The Sumerian faith is a polytheistic one centred around the active influence of the gods on human civilisation and life on Earth. It holds that civilisation is a gift from the gods, and that we are intended to use this gift to uphold the principles of cosmic order as laid out by the gods at the creation of the world. These principles include justice and order, but also fairness and equity. Greed, tyranny, and intolerance are unacceptable in the eyes of the gods, and retribution would fall upon a ruler who brought oppression to their people, or on a person who sought to accumulate wealth without care for their fellow human beings.
The relationship between humans and deities in Sumerian faith is not one of equals. It is recognised that the gods occupy a higher position than humans. A social contract exists between humans and gods, in which the gods provide all of the things necessary for people and civilisations to thrive. Humanity, in turn, should work to ensure that our societies are fair and equitable, and we should serve and worship the gods in recognition of these gifts.
Mesopotamian deities were depicted in anthropomorphic form, radiating a divine power called 𒈨𒉈 melam. This power may be roughly understood as "awe-inspiring splendour", provoking a wondrous, fearsome, all-encompassing feeling of awestruck veneration and wonder in humans presented with it. (It was also not unique to deities, as it could be worn by kings and heroes, as well as demons, and even cities.)
The deities of ancient Mesopotamia number in their thousands, with different deities being revered at different times by different cities and empires. A common exercise for scribes in training was to copy lengthy lists of deities, so we know many of their names, if not the function of their worship in every case. These deities had a complex web of familial and syncretic relations, with influences from all the cultures that lived in Mesopotamia colouring the religious landscape of the region.
The deities form a hierarchy, although the precise composition of this hierarchy varied over time. At the top were the "seven who decree Fate", seven who held the ultimate authority over destiny. Then came an assembly of "great gods", who may be identified with the term 𒀀𒉣𒈾𒆤 anunaki, although the precise implications of this term varied over time. There were countless further minor deities, many of whom little is known about save for a name.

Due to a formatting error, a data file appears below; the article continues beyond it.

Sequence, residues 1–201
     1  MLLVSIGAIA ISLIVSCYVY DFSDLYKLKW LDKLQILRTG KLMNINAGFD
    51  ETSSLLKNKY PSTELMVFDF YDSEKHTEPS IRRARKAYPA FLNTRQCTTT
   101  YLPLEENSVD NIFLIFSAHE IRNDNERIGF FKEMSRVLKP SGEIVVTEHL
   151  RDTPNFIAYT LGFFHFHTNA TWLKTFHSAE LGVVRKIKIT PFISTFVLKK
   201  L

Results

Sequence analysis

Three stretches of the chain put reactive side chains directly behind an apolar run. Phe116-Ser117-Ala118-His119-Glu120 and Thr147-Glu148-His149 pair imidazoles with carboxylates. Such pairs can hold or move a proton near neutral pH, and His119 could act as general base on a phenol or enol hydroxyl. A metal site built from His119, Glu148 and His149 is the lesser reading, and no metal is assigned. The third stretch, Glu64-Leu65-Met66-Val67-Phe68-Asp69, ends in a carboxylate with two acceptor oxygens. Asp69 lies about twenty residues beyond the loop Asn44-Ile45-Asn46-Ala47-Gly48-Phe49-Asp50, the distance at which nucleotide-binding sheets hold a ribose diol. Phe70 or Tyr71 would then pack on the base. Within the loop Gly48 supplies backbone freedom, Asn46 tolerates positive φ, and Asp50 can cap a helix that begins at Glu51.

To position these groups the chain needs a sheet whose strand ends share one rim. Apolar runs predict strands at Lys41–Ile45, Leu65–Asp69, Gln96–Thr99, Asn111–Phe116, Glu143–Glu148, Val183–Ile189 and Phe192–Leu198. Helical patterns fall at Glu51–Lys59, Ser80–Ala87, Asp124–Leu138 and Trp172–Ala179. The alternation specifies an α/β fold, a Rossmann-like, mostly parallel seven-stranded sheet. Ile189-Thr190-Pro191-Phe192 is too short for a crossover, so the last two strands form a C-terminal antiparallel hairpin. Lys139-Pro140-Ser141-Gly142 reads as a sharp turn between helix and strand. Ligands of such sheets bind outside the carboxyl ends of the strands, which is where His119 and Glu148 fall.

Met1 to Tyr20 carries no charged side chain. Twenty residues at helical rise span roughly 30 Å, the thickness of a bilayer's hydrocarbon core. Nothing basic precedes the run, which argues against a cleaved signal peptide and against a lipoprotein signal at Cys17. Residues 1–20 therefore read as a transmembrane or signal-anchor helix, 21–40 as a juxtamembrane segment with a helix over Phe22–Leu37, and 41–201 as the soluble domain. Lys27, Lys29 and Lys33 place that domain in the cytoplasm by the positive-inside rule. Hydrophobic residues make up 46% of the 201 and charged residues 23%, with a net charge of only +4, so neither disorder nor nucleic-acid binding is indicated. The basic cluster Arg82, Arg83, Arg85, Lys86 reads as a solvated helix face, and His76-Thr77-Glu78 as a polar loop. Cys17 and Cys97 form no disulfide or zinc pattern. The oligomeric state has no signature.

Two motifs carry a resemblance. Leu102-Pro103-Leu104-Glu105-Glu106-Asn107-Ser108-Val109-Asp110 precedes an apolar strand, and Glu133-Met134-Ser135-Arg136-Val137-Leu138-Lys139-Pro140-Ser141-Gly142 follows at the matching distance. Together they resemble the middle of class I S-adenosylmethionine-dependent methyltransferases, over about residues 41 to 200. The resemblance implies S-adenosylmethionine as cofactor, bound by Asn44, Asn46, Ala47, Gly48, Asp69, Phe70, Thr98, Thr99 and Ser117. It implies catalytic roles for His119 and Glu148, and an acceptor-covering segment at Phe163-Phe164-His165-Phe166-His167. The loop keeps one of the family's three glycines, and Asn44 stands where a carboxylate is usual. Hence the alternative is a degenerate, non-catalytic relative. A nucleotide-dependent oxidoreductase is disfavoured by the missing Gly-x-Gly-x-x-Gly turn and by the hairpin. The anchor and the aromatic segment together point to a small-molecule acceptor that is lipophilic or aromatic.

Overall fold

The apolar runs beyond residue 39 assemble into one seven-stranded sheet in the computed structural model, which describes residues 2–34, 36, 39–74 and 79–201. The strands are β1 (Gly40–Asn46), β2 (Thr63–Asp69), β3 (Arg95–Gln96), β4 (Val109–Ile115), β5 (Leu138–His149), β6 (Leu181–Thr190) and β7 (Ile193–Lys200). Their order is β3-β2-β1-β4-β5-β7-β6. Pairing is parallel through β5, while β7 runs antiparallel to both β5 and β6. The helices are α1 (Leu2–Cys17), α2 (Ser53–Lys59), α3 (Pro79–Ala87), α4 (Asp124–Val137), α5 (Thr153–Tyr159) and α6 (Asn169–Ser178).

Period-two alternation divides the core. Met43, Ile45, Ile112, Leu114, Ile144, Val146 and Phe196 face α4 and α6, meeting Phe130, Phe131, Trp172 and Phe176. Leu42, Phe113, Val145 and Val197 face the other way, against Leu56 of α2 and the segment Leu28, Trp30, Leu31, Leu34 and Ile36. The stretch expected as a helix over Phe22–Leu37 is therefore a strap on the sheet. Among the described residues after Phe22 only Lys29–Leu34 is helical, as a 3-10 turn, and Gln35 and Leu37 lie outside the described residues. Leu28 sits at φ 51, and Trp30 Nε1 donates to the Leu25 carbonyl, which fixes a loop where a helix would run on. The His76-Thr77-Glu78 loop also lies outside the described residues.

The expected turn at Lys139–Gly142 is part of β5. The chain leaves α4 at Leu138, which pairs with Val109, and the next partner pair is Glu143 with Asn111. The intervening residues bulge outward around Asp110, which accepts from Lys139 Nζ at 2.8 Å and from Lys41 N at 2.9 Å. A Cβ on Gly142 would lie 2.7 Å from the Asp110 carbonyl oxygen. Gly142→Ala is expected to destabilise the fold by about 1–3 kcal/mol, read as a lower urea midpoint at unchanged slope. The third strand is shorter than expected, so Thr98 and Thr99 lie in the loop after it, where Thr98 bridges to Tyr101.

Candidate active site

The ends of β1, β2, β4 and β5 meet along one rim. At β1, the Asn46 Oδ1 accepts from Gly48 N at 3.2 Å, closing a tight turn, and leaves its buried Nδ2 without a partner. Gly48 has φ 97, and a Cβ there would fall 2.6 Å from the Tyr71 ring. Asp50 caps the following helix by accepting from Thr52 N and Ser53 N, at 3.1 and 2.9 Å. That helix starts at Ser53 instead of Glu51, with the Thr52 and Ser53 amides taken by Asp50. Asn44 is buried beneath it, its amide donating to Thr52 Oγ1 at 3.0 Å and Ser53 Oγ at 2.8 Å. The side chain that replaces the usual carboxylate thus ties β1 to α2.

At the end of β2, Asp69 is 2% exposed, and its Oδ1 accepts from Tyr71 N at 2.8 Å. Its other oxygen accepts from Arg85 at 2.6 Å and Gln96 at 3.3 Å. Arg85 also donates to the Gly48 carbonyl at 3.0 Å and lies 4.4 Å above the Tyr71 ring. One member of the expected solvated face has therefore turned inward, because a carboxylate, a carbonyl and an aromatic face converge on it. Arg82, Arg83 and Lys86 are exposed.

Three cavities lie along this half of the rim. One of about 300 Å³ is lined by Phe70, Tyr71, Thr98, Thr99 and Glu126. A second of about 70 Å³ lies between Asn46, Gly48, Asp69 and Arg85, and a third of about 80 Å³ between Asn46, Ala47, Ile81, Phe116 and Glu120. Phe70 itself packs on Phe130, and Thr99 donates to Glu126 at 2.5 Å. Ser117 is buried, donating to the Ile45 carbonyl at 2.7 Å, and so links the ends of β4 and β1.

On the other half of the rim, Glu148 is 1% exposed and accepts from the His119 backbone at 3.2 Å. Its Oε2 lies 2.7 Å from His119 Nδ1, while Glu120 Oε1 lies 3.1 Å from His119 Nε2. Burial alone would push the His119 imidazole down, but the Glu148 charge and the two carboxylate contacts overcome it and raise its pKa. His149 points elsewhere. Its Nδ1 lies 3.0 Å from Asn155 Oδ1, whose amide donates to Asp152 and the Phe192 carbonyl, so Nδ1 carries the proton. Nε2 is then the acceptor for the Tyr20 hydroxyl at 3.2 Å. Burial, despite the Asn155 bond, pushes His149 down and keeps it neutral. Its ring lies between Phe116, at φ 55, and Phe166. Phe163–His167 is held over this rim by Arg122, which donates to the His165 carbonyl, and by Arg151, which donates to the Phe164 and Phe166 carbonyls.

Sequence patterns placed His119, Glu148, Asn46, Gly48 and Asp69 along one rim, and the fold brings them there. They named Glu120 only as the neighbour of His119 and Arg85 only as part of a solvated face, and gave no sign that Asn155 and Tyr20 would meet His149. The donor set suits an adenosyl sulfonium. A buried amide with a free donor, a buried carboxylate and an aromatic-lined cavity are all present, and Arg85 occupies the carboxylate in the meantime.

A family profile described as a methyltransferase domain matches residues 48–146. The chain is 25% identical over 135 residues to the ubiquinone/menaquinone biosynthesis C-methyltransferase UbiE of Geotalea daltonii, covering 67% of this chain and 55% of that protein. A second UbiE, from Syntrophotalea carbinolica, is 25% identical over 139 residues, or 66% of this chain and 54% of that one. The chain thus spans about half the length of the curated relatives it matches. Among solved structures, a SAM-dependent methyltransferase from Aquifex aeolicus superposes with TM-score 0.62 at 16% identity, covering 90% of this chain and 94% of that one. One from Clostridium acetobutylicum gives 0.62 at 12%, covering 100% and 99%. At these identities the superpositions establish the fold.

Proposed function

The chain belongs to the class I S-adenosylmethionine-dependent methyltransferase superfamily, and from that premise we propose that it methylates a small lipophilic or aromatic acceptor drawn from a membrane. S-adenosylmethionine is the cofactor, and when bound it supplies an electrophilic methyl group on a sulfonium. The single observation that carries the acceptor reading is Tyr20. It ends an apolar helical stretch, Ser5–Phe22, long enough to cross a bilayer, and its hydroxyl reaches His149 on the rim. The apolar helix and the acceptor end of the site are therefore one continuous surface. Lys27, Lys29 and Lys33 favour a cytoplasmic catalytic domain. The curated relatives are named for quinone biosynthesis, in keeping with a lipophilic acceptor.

The seven gods who decree fate are outlined here, and overviews of other prominent deities in the Sumerian pantheon can be found here.
The gods desire a personal relationship with their followers. Despite the huge number of deities attested in Mesopotamian history, people generally wouldn't worship the entire pantheon, but would have personal and civic deities, by whom they or their cities were called. As with many religious traditions, prayer is a way to build up a relationship with the gods, and more on prayer in Sumerian tradition can be found on this site's article on prayer. If you are experiencing a connection with a Mesopotamian deity and want to know how best to approach them, this is a good start.
Strengthening this relationship calls for worship and devotion. In ancient times, temples were focal points of major cities, and the statues of the gods, in which the gods themselves were believed to dwell, were cleaned, fed, and attended by temple staff. In modern terms, this is obviously impractical, and it is necessary to practice our faith in a way that is consistent with the principles of modern society and the resources available to us.. An article elaborating on worship in modern times can be found here.
A lot of devotional work in Sumerian tradition is done at an altar. Those who are serious about pursuing a relationship with the gods in the modern age should endeavour to construct one in a room in their home. More information can be found on this site's articles about building an altar, and making offerings.
Sumerians believed that the physical world was a mirror of the spiritual in many ways, and this concept plays an important role in much of Sumerian cosmology. Society, as instituted on the Earth by the gods, was meant to be a reflection of how divine society was laid out. Statues of gods are taken to hold the very real presence of the god within them, and should be treated in the same way as the god themselves.
Another important concept is that of 𒈨 me (Akkadian: paršu). Enlil, the father of the gods, created the me at his temple E-kur, and gave them to the wise god Enki to distribute to the cities of Sumer. These are the gifts of civilisation; the principles of technology, writing, truth, beauty, justice, and order that enable civilisation to exist. They are part of human experience, for better or worse, and underpin the Sumerian concept of morality, which we look at on our page on good and evil.
They are described as physical objects, and gods could transfer them from one location to another. The Sumerians understood this to be a way in which domains, powers, and attributes could be transferred between, or won by, deities. Inana, in particular, is told in a number of texts to have schemed or conquered domains from other deities.
The Sumerian conception of the underworld has been much maligned and misrepresented on the internet and in other pagan spaces. It wasn't necessarily a dreary grey wasteland. Find out more in our article on death and the afterlife.